Andrew Harrison, Global Director of Research and Learning, started in with ‘Learning to Work, Working to Learn: Design for Educational Transformation’.

    He explored things like immersive and augmented environments, real and virtual blurs between “living learning working”, “City is the Office”, “the new learning landscape”… As we know, it’s not all about buildings, the spaces between are important in many ways, but especially in economic development terms when funding for capital works is limited. What is a school? What is a university? Are they community resources? Are the resources the community? Educational transformation is about supporting mobility, “learning anywhere anytime”…but right now, he said, the prime pieces of real estate are the “limiter positions” of power sockets. How do we support our lives with appropriate technology (basic, enhanced, advanced, cutting-edge) – it’s about changing tools, renewing skills, flexible spaces, in practice and asset zones, blended environments.

    My notes on the lecture are more logical and comprehensive than this, he was opening up the world in ways I always enjoy thinking about.


    A couple of years ago at the DCC well-being forum for Environment (nicely I’m invited to these each year for urban design, architecture and historic heritage reasons), I asked Chief Executive Jim Harland who was leading the feedback exercise if we are planning for new technology in the city.

    Sad to say, I got a blank look then some confusion – because he couldn’t see or estimate the infrastructural future…well thank god some of us go wider than what surrounds us in real time. He wasn’t thinking of cities and places in the “hyper connected world”…not of new interactive technology, fuel systems, mobility systems or power generating systems etc. This felt like the dark ages suddenly. No enlightenment or star shine to head to.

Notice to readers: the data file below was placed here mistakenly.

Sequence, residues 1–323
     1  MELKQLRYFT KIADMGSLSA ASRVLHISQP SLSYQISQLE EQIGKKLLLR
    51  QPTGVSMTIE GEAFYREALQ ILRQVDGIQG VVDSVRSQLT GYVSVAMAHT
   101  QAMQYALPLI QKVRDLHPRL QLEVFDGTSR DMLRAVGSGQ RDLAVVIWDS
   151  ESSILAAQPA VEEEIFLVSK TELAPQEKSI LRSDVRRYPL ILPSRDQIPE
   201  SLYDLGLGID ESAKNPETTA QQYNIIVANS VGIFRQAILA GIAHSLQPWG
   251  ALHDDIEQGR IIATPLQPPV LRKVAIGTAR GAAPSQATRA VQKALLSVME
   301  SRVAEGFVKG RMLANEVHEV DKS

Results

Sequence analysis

DEGW’s Steven Smith, UK Director of Architecture and Urbanism, uses a model (in brief here) that combines the notions and inter-relatedness of ‘anywhere’, ‘nowhere’, ‘somewhere’, ‘elsewhere’ to inform ideas of ‘place’. His presentation, ‘Somewhere in Nowhere: The role of place in a hyper connected world’, looked at our sense of place, our ‘rootedness’ and ‘identity’ – from the vernacular (man that comes from the earth) to the modern condition. Knowing full well, as we do, that new technology can affect happily or otherwise our “community of location”. With mobility, with technology, we can inhabit “placeless communities of interest”; but if made a priority mobility can erode our sense of place. He gave various examples to show globalisation seriously impacting on identity and location… No worries, we can design our way through this (and or make more mistakes) but when all is said and done maybe we’re looking at the “dispersed university”…in a fast world should the University of Otago become “a holiday destination” for learning? This and other philosophical positions came and went during Steven’s delivery.


    We’ve all thought about these things, on and off, and wondered how councils, cities, places will develop for change, what sort of infrastructure is needed to render efficiency, well-being, identity and delight.

    The combined lecture was an hour or so of condensed energetic brainstorming, not ‘new’ so much as ‘inspirational’ to have it said out loud to challenge us.